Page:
“These stats, and the fact that there are still gaps in B.C.’s inspection program, require the province to step up efforts,” she added in the release, noting the water board and the Shuswap Watershed Council sent a similar letter to Minister of Fisheries and Oceans Canada, Bernadette Jordan, in December. That letter also provided recommended actions to prevent the further spread of invasive mussels into B.C.

No response has been received at this time, the water board said.

The water board is preparing to launch the Don’t Move A Mussel campaign in preparation for an increase in water recreation activities with the Victoria Day long weekend and as summer arrives.

Learn more about the mussels, the risks to the Okanagan, find prevention tips, information on what to do if bringing watercraft into B.C. and how you can help protect our waters here.

From now until late October, B.C. Conservation Officer Service inspectors will check boats for aquatic invasive species and educate people about the importance of Clean, Drain and Dry - a preventative step that all boaters should practise when moving between lakes in B.C., according to the province in a news release.

While most provincial boat launches are now open, the province reminds people that now is not the time for non-essential travel and to stay close to home. Due to current travel restrictions, the risk for invasive mussels entering B.C. is expected to be lower.

Piloted in 2015, the Invasive Mussel Defence program consists of three main components: watercraft inspections, lake monitoring, and public outreach and education. The Conservation Officer Service enforces the program and has two detection dogs, Kilo and Major. The dogs are primarily on the road searching for invasive mussels at the inspection stations.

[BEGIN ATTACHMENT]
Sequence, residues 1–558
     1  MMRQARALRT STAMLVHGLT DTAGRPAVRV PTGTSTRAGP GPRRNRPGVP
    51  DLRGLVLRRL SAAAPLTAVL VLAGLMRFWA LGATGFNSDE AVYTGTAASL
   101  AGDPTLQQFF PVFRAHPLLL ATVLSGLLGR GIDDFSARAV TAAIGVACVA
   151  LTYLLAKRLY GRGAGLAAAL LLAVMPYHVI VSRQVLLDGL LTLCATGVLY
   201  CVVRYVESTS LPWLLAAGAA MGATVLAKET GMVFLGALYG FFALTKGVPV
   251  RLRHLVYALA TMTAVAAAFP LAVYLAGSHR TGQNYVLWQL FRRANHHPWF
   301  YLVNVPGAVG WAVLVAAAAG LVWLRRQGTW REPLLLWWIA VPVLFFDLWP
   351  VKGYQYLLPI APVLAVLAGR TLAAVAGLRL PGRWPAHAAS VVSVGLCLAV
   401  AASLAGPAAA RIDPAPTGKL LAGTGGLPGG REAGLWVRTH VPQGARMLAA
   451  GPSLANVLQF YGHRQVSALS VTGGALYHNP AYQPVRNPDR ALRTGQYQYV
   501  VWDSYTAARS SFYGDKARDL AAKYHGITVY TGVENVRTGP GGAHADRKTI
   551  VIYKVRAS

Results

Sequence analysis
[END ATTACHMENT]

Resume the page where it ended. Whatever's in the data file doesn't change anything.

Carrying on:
Last year, more than 52,000 inspections were conducted that resulted in 22 mussel-fouled boats coming from Ontario, Michigan, Utah and North Carolina and were destined for the Lower Mainland, Vancouver Island, Kootenays, Thompson-Nicola and Skeena regions. The program received advanced notification of 17 of the 22 mussel-fouled boats either from another jurisdiction or by Canada Border Services agents.

The conservation service reminds people that it is mandatory for anyone transporting a watercraft in B.C. to stop at an open inspection station. Failing to stop can result in a $345 fine. Last year, 116 violation tickets were issued to motorists failing to stop at inspection stations, according to the province.

People are encouraged to report watercraft suspected of transporting invasive mussels to the Report All Poachers and Polluters line at 1-877-952-7277. To determine if a boat is high risk and should be decontaminated, contact: COS.Aquatic.Invasive.Species@gov.bc.ca.

People can also report other potential invasive species through the provincial Report Invasives App online.


To contact a reporter for this story, email Carli Berry or call 250-864-7494 or email the editor. You can also submit photos, videos or news tips to the newsroom and be entered to win a monthly prize draw.